[["Alaska Check Cashing",0,0,1],["Check Into Cash",0,0,1]]
|Legal status||Loan AL||Loan terms||Finance rates||Finance charges||Maximum APR|
|✅ Allowed (Our partner lenders provide payments in Anchorage)||$500||Min: 14 days||$5 + the lesser of $15 per $100 or 15%||$20||520%|
| *APR - Annual percentage rate
*AL - amount limit
#cash #loan #anchorage #fast
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cash loan anchorage
I've never used one before. I am looking at flipping a home in Anchorage, AK. and it needs serious updating. I am pre-qualified for regular loans and have good credit so my mortgage payments would be very low if I could buy the home as-is. The home is being sold for 135,000...I can afford to pay for the improvements myself but I have a feeling my lender would want me to have a 203(k) because it would ensure contracted repairs...I mean I guess I can get that type of loan, it's not a problem. But do I really need it? Is there a reason I wouldn't need a 203(k) loan? Here's my thought process. It's nice to think that you could wrap up to $35,000 in a single home mortgage to pay for repairs but I don't want to do that because I don't want to pay interest on repairs for the rest of my mortgage. The only way you really break even is if you are estimated for x amount of repairs and do it all for half that so that the excess goes back to pay down the principle, otherwise you are stuck with a higher mortgage. At least that's how I understood it. So in essence these loans really help the lender by making your mortgage higher in trade for a repaired home.
Most buyers use the 203 because they have no choice. They don't have the cash and no bank will loan on a house in disrepair. If you can avoid the 203 , do so. It is the most frustrating loan that you can ever imagine. Endless bureaucracy and rules.
Well, here are a couple things to think about. If you buy this house and spend all your cash fixing it up, and don't have any cash, then you have to hold on to it for 2 years because it won't sell, then you may be in trouble. If you are able to flip it really quick then it will be such a small amount of interest that you have had to pay it isn't really worth spending your money. The rule is Keep your Cash!! Because the cost of using up all of your reserves is not worth the cost of a couple months in interest. If you flip it quickly that is great, if you don't....it becomes very expensive very quickly. Also, remember that what ever you think the repairs will cost. Add 30% to that...you might come out close, it will always be more $$ than you think in the beginning. The before and after is the best, so take lots of pictures, and good luck!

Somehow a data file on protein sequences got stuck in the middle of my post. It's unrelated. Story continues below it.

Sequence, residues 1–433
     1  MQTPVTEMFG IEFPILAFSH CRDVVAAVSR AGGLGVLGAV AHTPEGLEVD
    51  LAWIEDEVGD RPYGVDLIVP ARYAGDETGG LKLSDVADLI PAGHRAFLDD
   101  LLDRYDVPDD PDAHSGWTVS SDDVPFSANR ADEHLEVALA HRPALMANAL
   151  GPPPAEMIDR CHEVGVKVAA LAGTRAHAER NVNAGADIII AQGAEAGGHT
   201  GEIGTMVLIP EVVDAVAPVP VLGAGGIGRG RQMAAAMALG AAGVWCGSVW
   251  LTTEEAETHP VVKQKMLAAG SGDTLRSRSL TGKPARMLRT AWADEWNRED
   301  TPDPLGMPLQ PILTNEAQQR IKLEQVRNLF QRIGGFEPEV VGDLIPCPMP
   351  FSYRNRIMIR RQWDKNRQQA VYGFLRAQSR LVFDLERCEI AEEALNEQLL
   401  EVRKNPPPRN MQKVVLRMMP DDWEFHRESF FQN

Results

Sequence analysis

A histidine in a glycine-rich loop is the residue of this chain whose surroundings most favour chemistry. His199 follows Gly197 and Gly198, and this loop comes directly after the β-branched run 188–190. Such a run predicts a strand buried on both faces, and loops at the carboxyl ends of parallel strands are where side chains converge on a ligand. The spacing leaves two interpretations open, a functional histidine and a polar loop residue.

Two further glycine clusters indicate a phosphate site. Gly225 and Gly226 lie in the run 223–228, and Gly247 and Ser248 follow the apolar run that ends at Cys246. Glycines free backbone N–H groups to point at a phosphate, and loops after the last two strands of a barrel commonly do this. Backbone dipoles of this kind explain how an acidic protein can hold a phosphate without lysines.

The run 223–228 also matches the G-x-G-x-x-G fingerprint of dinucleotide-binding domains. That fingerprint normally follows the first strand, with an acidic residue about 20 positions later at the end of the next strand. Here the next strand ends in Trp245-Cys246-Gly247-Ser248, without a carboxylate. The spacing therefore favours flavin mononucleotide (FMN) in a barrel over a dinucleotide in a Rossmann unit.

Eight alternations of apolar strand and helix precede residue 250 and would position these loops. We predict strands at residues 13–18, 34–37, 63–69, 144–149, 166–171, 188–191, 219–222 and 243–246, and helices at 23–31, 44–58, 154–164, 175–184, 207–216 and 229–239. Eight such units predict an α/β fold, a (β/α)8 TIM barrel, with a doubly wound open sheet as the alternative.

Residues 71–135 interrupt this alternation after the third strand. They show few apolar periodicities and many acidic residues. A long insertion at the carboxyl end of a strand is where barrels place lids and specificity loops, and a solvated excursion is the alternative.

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fast cash anchorage
I live in Iowa atm but will be relocating to Anchorage here very soon and I just have a few questions about driving there. 1. Do I have to change my cash over to canadian dollars once i pass the border? 2. What's the safest/fastest route? 3. How far are the hotels/gas stations fom one another? 4. The possessions that I plan to take with me, will they cause any problems when i try to pass through the border,like do they need proof of ownership or something or do they not really care.
1. Only if you want to buy something. Seriously, though, if you have an open bank account, your ATM/debit card will work fine. 2.Can't help you on that one. 3.Won't be a problem in the lower part of Canada, but remember that 90% of the people (and probably 90% of the services) are within about 150 miles of the US border, so once you get too far north, there may be quite a drive. Also, I don't believe the road is paved the entire way. 4. Probably your best best is to asks the Canadian Border Services Agency. http://www.cbsa-asfc.gc.ca/contact/menu-...